Shamsur Rahman Faruqi

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Shamsur Rahman Faruqi
شمس الرحمٰن فاروقی
Shamsur Rahman Farooqi.jpg
Born Shamsur Rahman Faruqi
(1935-01-15) January 15, 1935 (age 80)
Nationality Indian
Occupation poet, critic

Shamsur Rahman Faruqi (Urdu: شمس الرحمٰن فاروقی‎) (born January 15, 1935) is an Indian poet and one of the leading Urdu critics and theorists. He is regarded as the T.S. Eliot of Urdu criticism and has formulated fresh models of literary appreciation.[1] He absorbed western principles of literary criticism and subsequently applied them to Urdu literature, but only after adapting them to address literary aesthetics native to Arabic, Persian, and Urdu [2]

Early life[edit]

He was born on 15 January 1935 in India. He received his Master of Arts (MA) degree in English from Allahabad University in 1955.[1]


He began writing in 1960. Initially he worked for the Indian postal service (1960-1968), and then as a chief postmaster-general and member of the Postal Services Board, New Delhi until 1994. He was also editor of his literary magazine Shabkhoon and part-time professor at the South Asia Regional Studies Center at the University of Pennsylvania.[1]

An expert in classical prosody and ‘ilm-e bayan (the science of poetic discourse), he has contributed to modern literary discourse with a profundity rarely seen in contemporary Urdu critics.[1] His most recent books, The Mirror of Beauty (translated into English from the Urdu Kai Chaand The Sar-e-Aasmaan in 2006), and The Sun That Rose From The Earth (Penguin India, 2014), have been highly critically acclaimed. [3] He is the recipient of numerous honors and awards. Most recently he was awarded the prestigious Saraswati Samman for his work She`r-e Shor-Angez, a four-volume study of the eighteenth-century poet Mir Taqi Mir.[1]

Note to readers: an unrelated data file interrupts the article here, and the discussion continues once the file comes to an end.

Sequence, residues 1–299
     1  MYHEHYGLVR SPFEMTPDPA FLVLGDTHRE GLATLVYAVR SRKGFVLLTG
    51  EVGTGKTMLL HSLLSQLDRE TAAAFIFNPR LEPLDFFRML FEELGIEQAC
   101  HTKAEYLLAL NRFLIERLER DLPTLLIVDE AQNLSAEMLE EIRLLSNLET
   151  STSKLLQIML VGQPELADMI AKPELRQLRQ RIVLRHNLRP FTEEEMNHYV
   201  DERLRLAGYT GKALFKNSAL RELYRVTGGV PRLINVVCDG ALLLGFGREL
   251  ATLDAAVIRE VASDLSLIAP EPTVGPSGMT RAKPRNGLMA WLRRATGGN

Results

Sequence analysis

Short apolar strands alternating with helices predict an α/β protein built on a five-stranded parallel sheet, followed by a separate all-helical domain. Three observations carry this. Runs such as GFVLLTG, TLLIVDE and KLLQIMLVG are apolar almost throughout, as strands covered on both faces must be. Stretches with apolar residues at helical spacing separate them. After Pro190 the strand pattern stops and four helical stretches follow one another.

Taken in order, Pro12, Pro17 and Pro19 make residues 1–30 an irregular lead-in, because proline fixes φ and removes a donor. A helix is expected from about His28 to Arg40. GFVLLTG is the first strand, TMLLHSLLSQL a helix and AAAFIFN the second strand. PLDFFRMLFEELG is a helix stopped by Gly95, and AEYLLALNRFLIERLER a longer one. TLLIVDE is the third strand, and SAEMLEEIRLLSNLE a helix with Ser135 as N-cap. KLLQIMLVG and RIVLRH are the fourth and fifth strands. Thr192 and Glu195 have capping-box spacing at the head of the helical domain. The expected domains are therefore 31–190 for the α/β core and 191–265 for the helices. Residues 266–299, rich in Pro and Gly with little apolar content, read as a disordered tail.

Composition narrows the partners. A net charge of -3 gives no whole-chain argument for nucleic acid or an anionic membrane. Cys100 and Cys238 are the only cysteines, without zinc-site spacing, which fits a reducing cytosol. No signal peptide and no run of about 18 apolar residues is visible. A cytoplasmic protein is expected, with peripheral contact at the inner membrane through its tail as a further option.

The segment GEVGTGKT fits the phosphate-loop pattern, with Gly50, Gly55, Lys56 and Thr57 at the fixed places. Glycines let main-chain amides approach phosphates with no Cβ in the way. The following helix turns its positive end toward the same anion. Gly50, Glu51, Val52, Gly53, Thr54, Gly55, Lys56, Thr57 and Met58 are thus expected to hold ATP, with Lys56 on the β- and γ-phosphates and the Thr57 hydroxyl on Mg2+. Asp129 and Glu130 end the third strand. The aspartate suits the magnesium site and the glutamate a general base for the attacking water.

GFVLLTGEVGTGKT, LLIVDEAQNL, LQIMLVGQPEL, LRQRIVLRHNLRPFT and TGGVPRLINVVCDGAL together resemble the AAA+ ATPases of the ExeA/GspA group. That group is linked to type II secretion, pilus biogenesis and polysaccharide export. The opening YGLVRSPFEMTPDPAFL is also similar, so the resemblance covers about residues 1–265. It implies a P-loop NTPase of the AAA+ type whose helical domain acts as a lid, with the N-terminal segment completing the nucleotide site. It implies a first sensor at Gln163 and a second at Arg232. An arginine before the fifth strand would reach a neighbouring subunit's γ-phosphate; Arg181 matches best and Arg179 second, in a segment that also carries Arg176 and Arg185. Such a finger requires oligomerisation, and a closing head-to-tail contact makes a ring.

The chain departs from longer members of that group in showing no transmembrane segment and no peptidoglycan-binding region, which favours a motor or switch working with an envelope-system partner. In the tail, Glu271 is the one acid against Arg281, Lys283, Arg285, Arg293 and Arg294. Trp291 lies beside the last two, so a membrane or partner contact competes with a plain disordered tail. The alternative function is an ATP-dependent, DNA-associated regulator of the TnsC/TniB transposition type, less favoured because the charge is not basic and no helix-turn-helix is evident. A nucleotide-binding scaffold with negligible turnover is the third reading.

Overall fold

Anjum Hasan in The Caravan on 'The Mirror of Beauty': Rajni George in Open Magazine, profile of Shamsur Rahman Faruqi: Mayank Austen Soofi's interview with Shamsur Rahman Faruqi in Mint:


Dastangoi is a 16th-century Urdu oral storytelling art form.[4] The art form was revived in 2005[5] and has been performed in India, Pakistan, and the United States.[6] The art form reached its zenith in the Indian sub-continent in the 19th century and is said to have died with the demise of Mir Baqar Ali in 1928.[5] Shamsur Rahman Faruqi and his nephew, writer and director Mahmood Farooqui have played significant roles in its revival in the 21st century.[7]


He was awarded the Saraswati Samman, a prestigious literary award in India in 1996.[1]


  • Sher, Ghair Sher, Aur Nasr, (1973)[1]
  • The Secret Mirror, (in English, 1981)[1]
  • Ghalib Afsaney Ki Himayat Mein, (1989)[1]
  • Sher Shore Angez (in 3 volumes, 1991–93)[1]
  • Mir Taqi Mir 1722-1810 (Collected works with commentary and explanation)[1]
  • Urdu Ka Ibtedai Zamana (2001)[1]
  • Ganj-i-Sokhta (poetry)[1]
  • Sawar Aur Doosray Afsanay (2001)[1]
    • The Sun That Rose from the Earth, Penguin Books India, 2014, 600 p. (short stories)
  • Kai Chand Thay Sar-e-Asmaan (2006)[8]
    • The Mirror of Beauty, Penguin Books India, 2013, 984 p. (novel)
  • Jadeediyat Kal Aur Aaj (2007)

See also[edit]


  1. ^ a b c d e f g h i j k l m n "Shamsur Rehman Faruqi - The master critic". Columbia.Edu (source=Daily Dawn-11 July 2004). Retrieved 2012-08-25. 
  2. ^ "A Conversation with Shamsur Rahman Faruqi by Prem Kumar Nazar" (PDF). Retrieved 2012-09-13. 
  3. ^
  4. ^ "Walk Back In Time: Experience life in Nizamuddin Basti, the traditional way". The Indian Express. 29 November 2012. Retrieved 18 December 2012. 
  5. ^ a b Ahmed, Shoaib (6 December 2012). "Indian storytellers bring Dastangoi to Alhamra". Dawn. Retrieved 18 December 2012. 
  6. ^ Sayeed, Vikram Ahmed (14 January 2011). "Return of dastangoi". Frontline. Retrieved 18 December 2012. 
  7. ^ Husain, Intizar (2011-12-25). "COLUMN: Dastan and dastangoi for the modern audience". Dawn (newspaper). Retrieved 2013-11-07. 
  8. ^

External links[edit]